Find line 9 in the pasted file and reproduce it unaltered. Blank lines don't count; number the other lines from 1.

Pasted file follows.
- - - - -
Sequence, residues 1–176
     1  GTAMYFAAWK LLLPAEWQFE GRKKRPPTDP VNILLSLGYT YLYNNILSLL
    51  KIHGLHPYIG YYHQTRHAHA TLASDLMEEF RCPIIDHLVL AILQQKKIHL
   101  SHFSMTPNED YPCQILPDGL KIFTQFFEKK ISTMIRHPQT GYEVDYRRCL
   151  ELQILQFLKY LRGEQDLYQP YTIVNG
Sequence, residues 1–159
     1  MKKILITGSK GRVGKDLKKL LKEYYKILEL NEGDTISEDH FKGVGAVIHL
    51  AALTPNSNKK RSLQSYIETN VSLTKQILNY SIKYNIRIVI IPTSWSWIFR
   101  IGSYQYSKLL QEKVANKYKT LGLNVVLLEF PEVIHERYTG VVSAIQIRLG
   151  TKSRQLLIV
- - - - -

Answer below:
   101  IGSYQYSKLL QEKVANKYKT LGLNVVLLEF PEVIHERYTG VVSAIQIRLG